The 1996 Economic Report of the President warns that "Deficit reduction done the wrong way will reduce living standards and worsen inequality." While much of Clintonís anti-deficit program has done precisely this, by slowing the economy and cutting spending, Clinton has also taken one progressive step—raising taxes on the wealthy. The bulk of new revenues from the 1993 tax hike came from this step, with the top tax bracket rising from 31% to 39.6% on those earning more than $250,000. This is an impressive accomplishment. Clinton pushed through Congress a top bracket almost identical to what Jesse Jackson called for in his 1988 presidential campaign. Nonetheless, the wealthiest 5% of Americans continue to capture a larger share of our national income. And now Clinton is flirting with endorsing a modified capital gains tax cut. This is especially ironic because large capital gains tax revenues have helped to shrink the deficit.
Public investment fared nowhere near as well as taxes, even though Putting People First argued that we are "slipping behind" our global competitors because during the 1980s they invested more than 12 times what we spent on roads, bridges, sewers, and the information networks and technologies of the future. Clintonís own 1993 budget proposal, before several of the spending programs were killed off by Congress, would have raised public investment sizably (about 9% before inflation) to just under 2.4% of Gross Domestic Product (GDP). But even that fell far short of the dramatic increase needed to keep pace with our chief competitors, Germany and Japan. By 1996, Clinton had given up on revitalizing public investment, retreating to maintenance of the 1992 levels. In fact, Clintonís March 1996 budget proposal would actually spend less money relative to GDP on training, education, and industrial policy programs than did Reagan and Bush.
Why Clinton Could Have Done Better
Have our daunting economic challenges persisted because of Clintonís faults or because of the irreversible laws of motion of 1990s post-prosperity capitalism? Not an easy question to answer. Bob Dole maintains that, "it is no mystery whatís holding America back. It is the wrong-headed, outdated, liberal policies that can be summed up in one word: Clintonomics." In contrast, others in the mainstream say presidential policies are not the issue. Massachusetts Institute of Technology (MIT) economist Frank Levy, for one, says "these trends have a life of their own. The idea that a presidential administration can affect them is sheer hubris."
The economic trends of the last two decades—worsening inequality, stagnating wages and the divorcing of economic growth from workers' incomes—are in part beyond the control of presidential policies. But Clinton has reinforced instead of undoing these trends by overseeing a regime of budgetary and monetary austerity, which has slowed both economic growth and productivity gains.
Since entering office Clinton has never challenged Alan Greenspan, the inflation-phobic chair of the Federal Reserve Board (the Fed), to loosen the reigns on the money supply and so let the current economic expansion move closer to genuine full employment. And this spring, Clinton re-nominated Greenspan as head of the Fed. In the Senate, Tom Harkin, Democrat from Iowa, was one of the few to oppose Greenspanís renomination. He told his fellow Senators that, "Under the Greenspan Fed, job growth and the living standards of average Americans have been sacrificed on the altar of high interest rates and slow-growth policies." But today many economists think that we could have faster economic growth—perhaps 3% a year instead of 2%—without igniting inflation. Even Business Week, in a June editorial, urged Greenspan "to let capitalism do its thing. Rates shouldnít be raised to kill off economic growth that shows few signs of generating inflation."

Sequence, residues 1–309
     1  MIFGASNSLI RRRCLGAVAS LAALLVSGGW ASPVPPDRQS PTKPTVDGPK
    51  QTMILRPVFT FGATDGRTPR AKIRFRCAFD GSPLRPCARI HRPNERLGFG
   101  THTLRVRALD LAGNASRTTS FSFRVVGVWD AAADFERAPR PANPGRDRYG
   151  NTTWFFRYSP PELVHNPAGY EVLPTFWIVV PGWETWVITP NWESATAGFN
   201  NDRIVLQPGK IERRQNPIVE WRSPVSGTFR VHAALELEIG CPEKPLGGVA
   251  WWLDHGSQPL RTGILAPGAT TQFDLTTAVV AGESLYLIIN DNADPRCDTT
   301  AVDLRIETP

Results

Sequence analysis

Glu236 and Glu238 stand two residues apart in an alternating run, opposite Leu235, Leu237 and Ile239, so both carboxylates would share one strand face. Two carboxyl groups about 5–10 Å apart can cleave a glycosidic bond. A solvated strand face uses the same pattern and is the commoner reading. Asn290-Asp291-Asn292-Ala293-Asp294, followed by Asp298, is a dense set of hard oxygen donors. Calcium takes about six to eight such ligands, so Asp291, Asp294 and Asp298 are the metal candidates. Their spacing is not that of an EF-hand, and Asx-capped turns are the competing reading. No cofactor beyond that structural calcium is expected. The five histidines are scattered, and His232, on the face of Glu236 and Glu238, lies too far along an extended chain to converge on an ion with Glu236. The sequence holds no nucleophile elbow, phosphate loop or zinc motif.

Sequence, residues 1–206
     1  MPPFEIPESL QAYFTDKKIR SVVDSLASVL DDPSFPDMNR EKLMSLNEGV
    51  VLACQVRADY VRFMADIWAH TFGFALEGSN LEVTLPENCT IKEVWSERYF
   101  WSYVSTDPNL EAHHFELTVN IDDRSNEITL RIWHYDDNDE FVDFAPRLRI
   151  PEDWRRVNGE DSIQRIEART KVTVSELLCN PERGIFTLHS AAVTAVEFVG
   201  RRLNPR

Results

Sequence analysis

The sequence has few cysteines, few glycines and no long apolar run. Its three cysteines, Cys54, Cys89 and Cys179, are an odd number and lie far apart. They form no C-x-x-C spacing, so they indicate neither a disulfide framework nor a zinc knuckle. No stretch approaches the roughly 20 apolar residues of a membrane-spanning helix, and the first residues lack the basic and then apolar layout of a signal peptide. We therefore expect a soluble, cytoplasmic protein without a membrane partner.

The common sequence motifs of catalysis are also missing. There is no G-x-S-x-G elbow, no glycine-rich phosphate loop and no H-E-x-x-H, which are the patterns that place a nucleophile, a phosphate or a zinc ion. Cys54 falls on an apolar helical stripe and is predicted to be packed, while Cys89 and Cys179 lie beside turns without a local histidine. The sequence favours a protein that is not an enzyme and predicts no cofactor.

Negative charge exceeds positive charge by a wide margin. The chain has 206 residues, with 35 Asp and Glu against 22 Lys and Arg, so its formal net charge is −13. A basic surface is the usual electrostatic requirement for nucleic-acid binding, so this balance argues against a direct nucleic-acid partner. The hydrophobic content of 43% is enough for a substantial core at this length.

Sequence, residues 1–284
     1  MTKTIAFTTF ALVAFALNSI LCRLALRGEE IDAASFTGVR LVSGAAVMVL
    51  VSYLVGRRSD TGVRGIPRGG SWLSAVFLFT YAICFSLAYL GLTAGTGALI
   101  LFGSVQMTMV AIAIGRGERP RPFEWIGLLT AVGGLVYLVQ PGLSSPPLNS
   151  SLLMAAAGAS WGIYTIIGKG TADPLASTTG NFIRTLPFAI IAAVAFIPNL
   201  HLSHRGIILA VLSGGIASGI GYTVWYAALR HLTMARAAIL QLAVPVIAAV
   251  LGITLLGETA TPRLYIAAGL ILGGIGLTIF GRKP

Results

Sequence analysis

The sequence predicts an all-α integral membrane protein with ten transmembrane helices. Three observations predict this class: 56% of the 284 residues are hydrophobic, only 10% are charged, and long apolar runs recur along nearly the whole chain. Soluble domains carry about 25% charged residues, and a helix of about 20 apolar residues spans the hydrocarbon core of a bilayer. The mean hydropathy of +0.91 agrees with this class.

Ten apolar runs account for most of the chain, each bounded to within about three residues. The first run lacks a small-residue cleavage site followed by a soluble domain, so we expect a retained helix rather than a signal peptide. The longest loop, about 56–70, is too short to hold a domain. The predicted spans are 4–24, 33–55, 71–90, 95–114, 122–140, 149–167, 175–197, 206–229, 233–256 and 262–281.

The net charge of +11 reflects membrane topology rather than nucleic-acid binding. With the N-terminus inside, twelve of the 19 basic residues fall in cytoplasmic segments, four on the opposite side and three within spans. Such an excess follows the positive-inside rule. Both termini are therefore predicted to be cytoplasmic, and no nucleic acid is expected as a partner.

By putting deficit reduction at the top of his economic agenda, President Clinton has similarly reinforced stagnation. By some estimates, Clintonís budget austerity has shaved as much as one percentage point off economic growth.
Along with stagnation, cuts in entitlement programs during the Clinton years have reduced workersí bargaining power relative to business owners. With millions of people out of work or involuntarily holding only part-time jobs, most workers can be easily replaced, and are unable to bargain from a position of strength. Cuts in the social safety net, including unemployment and welfare benefits, have further disempowered workers. The absence of entitlements that allow people to survive even while out of work dissuades them from going on strike or voluntarily leaving undesirable jobs.
Take up the Slack
An economic program that turned much of Clintonís rhetoric into reality could help to restore widespread economic prosperity. That would mean first and foremost promoting genuine full employment—taking up the considerable slack in todayís labor market. MITís left-of-center economist Lester Thurow says that "about one-third of the American workforce is potentially looking for more work than they now have." It has been nearly thirty years now since the U.S. economy last reached full employment. By the end of the 1960s, rapid economic growth, spurred on in part by Vietnam War spending, pushed the official U.S. unemployment rate below 4%. Full employment brought with it prosperity—higher real wages, better working conditions and less job discrimination. It also lifted many people out of poverty and reduced the gap between rich and poor.
In a recent paper, economists Robert Pollin and Elizabeth Zahrt argue that the Vietnam experience shows that an expansionary fiscal policy could provide widespread economic benefits in the United States today. Beyond a political commitment to government spending, federal policies must also confront economic globalization, rampant financial speculation and worsening inequality. To do that, Pollin and Zahrt call for an expansion led by public investment, along with an industrial policy that favors long term investment over short-term financial speculation and promotes more cooperative labor relations. That sort of populist economics could genuinely put people first in a prosperous U.S. economy.